Poachers Killing Large Number of Swans at Poyang Lake
Poyang Lake, located north of Jiangxi Province and to the south of the Yangtze River, is the largest freshwater lake in China, covering an area of 900 square miles. Each year, tens of thousands of swans fly to the lake region, which used to be a paradise for migratory birds. This winter, however, an average of at least two hundred swans have been poisoned to death or captured daily by poachers, turning the wildlife paradise into a slaughterhouse of wild birds.
According to the Jiangnan City Daily, this winter, the Poyang Lake region near Lianwei Township of Xinjian County was divided into thousands of small lakes, which local villagers are assigned to manage. One can see small wooden houses built by fishermen near the shores of these lakes. It is here that the swans have been vulnerable to illegal poaching.
Crime of Swan Killing Done Quietly Under Cover of Darkness
According to Huang Xianyin, a villager and volunteer conservationist from the lakeside township of Henghu, some poachers poison the swans while others use barbed wire traps. Fishermen in the Poyang Lake region said that there are sometimes more than 100 such wire fences, stretching scores of miles. Huang said that the barbed wire traps were set up to capture swans whose wings become blocked when they enter fences. The villagers have been selling the swans to restaurants in nearby cities.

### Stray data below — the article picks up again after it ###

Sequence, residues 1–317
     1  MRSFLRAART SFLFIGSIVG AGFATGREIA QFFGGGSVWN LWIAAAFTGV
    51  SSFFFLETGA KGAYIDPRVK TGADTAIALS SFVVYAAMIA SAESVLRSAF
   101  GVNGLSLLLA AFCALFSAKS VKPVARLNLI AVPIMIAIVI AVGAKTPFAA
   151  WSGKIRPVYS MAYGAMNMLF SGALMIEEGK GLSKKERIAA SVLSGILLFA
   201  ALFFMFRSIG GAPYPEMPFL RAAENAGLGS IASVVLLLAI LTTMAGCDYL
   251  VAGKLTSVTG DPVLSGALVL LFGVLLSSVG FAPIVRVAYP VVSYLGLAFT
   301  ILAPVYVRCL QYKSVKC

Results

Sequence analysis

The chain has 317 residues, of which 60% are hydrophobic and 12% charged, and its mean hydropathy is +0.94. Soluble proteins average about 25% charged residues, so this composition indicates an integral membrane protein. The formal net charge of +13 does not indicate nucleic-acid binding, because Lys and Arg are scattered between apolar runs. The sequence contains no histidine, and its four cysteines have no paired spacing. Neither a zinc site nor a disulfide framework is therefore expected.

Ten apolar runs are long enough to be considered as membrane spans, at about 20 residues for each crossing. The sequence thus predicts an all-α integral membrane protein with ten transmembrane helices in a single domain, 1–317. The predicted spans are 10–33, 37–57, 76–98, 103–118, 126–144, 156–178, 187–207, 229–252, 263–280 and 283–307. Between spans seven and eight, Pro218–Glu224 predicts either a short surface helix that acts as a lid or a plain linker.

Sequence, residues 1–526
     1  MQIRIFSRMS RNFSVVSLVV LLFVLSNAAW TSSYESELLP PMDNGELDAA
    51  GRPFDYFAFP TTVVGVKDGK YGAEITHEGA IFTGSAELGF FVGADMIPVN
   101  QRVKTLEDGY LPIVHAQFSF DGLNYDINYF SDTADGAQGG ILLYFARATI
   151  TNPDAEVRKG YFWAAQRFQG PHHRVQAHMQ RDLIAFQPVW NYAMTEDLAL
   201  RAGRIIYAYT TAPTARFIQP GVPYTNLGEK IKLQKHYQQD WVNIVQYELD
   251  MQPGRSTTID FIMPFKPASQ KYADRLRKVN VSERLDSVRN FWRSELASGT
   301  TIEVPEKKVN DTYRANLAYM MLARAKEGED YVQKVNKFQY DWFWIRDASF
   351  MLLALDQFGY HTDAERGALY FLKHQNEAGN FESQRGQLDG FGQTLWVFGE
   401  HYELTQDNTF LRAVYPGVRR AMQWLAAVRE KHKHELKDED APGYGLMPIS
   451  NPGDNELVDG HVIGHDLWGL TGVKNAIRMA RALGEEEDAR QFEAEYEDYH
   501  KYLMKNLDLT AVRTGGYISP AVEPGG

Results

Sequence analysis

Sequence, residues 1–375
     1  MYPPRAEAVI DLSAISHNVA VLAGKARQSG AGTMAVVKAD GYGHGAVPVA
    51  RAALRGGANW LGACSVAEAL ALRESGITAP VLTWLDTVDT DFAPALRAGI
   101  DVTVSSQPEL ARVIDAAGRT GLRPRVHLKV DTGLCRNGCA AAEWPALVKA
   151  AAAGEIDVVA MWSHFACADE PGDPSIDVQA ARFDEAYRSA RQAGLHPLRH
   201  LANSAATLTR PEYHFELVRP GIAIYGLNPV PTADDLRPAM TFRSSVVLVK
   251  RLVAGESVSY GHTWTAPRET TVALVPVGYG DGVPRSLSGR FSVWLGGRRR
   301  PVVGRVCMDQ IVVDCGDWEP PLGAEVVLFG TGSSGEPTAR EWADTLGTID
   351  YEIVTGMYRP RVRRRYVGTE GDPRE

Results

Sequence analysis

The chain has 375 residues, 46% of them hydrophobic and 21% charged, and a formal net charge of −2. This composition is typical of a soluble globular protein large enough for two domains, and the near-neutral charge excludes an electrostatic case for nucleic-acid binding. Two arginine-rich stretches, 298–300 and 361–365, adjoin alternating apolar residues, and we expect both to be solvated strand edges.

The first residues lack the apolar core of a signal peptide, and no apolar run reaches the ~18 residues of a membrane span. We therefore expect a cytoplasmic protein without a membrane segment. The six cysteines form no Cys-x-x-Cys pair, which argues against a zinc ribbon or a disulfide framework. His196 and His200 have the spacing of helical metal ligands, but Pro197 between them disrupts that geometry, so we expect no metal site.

On Jan. 4, as a reporter from the Jiangnan City Daily walked around the lake for about an hour, he saw the bodies of at least 40 swans and a large number of wild ducks. A swan struggled among the floating bodies and died right in front of him about 30 minutes later.
Huang pointed out that the number of swans killed was not limited to those they saw. He told the reporter that the bodies represented just a small fraction of the last night's kill. The poachers collect their catch before dawn, under cover of darkness, as it is too risky to do so during the day, since poaching is illegal.
Huang said that these poachers were well organized. "Now we are approaching the Chinese New Year and the price of swans is increasing. A swan can be sold for 800 Yuan to restaurants. If it is sold out of the region, the price may be even higher, up to several thousand Yuan," said Huang.
"We are determined to combat these criminals, but, to be honest, our work has had little effect. Poyang Lake is huge, there is a lack of equipment and with only around ten people we can't patrol it effectively," according to Mr. Li, the head of the Nanchang Wildlife Management Station.
Read original Chinese article.